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Thursday, February 4, 2010

Why Antiques?-Part 1

In the first of what might become a long running series of blogs, I would like to begin to make the case that why living with antiques and vintage items in your life makes sense now more than ever. I start with:


The most compelling argument that I can make to someone who is furnishing a first home/apartment is - Why spend money on a house full of items that you will be begging someone to pay pennies on the dollar at your first garage sale. Most of the furnishings that you will buy at the mall are made of fiberboard, which is basically designed to decompose in a landfill. Why not think of spending the same amount of money on something that has:
1. Already been broken in
2. Most likely made of real wood.
3. Has a life span longer than the arrival of next season's Pottery Barn catalog.
4. Has a chance to retain a significant portion of it's value.

One of the most common complaints of those in the industry is that we aren't attracting a new generation of customers to replace our aging base. My counterpoint to that argument is that we aren't marketing with compelling information in the place that the much sought after younger customers are looking for inspiration-The internet. The industry has no presence to speak of other than individual dealer/auction websites and the 600 pound gorilla-Ebay. Something needs to be developed in this area in order to begin to entice, inspire and educate new customers. Well-starting to work on that one.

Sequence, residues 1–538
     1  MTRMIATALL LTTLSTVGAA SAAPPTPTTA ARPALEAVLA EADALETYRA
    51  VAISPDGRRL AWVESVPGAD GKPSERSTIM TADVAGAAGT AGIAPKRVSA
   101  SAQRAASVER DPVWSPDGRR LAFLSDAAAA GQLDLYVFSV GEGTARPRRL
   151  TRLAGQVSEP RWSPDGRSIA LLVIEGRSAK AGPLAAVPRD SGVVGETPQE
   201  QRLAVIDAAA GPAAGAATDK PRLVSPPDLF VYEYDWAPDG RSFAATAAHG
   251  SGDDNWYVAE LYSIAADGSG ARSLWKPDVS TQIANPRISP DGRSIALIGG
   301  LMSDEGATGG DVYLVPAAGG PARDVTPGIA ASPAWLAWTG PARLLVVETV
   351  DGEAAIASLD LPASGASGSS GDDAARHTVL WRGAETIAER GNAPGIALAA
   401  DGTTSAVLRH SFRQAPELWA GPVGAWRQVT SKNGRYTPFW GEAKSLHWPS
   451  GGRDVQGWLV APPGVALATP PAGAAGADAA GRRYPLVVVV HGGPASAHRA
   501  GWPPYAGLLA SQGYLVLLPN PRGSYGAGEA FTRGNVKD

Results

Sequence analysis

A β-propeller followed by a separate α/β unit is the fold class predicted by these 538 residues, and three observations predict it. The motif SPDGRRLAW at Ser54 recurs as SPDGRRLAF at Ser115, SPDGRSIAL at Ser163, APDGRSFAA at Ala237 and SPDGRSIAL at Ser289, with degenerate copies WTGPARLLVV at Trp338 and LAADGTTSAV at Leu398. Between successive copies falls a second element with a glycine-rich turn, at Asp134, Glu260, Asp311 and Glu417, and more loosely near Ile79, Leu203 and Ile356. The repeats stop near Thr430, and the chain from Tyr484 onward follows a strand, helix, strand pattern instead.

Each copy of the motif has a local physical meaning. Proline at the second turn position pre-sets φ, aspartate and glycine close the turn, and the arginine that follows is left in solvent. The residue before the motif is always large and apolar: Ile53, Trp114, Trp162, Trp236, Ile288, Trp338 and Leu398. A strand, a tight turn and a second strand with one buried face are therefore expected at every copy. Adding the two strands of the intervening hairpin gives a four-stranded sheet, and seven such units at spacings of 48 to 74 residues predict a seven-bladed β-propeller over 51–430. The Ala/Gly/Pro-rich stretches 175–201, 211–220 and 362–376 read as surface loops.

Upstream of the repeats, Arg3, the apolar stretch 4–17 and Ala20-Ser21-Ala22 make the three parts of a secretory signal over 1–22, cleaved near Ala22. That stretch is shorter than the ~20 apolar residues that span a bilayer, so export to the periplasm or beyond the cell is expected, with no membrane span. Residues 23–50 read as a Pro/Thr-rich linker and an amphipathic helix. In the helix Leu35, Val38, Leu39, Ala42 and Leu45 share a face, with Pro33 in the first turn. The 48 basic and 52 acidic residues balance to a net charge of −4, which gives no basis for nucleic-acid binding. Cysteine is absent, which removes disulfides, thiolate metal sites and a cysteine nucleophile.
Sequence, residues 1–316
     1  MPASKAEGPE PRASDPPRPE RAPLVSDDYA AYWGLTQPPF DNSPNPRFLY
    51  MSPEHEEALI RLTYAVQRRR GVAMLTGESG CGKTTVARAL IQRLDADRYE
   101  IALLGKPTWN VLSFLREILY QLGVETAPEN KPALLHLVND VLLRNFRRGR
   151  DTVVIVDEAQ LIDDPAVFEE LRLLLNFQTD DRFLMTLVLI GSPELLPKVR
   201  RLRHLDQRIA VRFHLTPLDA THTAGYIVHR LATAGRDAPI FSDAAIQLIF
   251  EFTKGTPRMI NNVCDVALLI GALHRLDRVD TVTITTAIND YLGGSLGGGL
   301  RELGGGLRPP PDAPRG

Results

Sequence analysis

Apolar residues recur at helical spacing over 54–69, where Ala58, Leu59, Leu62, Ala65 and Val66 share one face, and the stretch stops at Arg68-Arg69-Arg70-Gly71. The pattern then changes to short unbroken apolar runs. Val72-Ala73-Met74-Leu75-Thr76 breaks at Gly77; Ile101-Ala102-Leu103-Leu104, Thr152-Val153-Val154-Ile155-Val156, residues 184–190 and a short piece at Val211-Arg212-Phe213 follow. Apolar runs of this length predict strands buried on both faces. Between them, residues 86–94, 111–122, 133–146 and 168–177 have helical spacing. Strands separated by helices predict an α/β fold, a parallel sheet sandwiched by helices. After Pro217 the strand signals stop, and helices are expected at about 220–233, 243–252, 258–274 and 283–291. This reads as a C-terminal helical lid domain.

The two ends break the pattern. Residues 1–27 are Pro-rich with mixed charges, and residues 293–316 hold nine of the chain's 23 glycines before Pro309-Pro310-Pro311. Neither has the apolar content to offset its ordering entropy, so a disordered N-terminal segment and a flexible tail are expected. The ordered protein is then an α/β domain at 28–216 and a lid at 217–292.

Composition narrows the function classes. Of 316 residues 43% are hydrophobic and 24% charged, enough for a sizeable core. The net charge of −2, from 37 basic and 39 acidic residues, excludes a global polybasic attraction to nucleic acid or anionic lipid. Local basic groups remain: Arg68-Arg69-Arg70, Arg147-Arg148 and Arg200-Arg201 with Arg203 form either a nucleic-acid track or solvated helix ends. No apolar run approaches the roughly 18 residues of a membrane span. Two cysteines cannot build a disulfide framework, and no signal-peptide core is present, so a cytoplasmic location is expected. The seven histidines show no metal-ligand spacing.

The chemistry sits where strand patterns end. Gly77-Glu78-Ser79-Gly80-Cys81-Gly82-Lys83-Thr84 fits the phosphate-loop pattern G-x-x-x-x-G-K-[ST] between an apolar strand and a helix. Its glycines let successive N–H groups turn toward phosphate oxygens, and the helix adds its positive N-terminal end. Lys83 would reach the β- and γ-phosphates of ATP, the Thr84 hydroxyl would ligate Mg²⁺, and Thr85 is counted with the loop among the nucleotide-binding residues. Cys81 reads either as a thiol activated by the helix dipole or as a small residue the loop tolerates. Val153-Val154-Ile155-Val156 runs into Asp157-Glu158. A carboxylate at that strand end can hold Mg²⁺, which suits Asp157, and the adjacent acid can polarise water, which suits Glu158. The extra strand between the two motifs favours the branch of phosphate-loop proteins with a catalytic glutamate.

1. I concur with your assesment. My wife and I are part-time dealers in New Hampshire and we're both in our twenties. As young dealers our biggest frustration with the trade is the lack of online presence. There are so few dealers in NH with decent websites that it is almost pointless to google "antiques in New Hampshire".
    dealers in middle market items have zero presence. The only way to attract young people is through aggressive online marketing. We are currently building a website and plan on mostly writing articles that cover antiques happenings in our area. Thanks for the great content on this blog!


  2. Jared,
    Send me a link when you get the website done and stay in touch.

  3. I'm a somewhat young (39) collector and I was also frustrated by the lack of good online resources for my collecting interests: American Folk Art and vernacular photography. Because of this, I decided to create a blog that is somewhat of a visual archive of some great objects that pass hands through the years. Many of these things are in the public realm for a few days and often go straight into collections never to be seen again. I think that's a shame.

    There weren't too many resources when I first started it, but thankfully there are starting to be more and more interesting sites that are starting to spring up.

    You can check out my blog at:

    Other great sites (not necessarily antiques-specific, but still great) I'd recommend are:

  4. It is true that big retailers such as Restoration Hardware, Pottery Barn and the like have garnered the attention of the younger consumer. Antique dealers definitely need to develop a strong plan of attack to counter this effect.

    One site which might serve as a good point of introduction on the web for dealers is On the verge of launch, I've heard that it has the functionality of 1stDibs at lower cost. Stylish, modern in presentation, and promoting antiques alone (no later forms), it promises to be an excellent selling portal for dealers who are struggling to get their inventory in front of potential established collectors, as well as the younger consumer.

    One important key feature is the addition of the social media aspect, which allows visitors to comment and inquire about particular pieces in real time. In effect, this builds community as well as an audience. It also is the preferred medium for the younger consumer to read, learn and be inspired by.

    Check it out... it might be what you are looking for.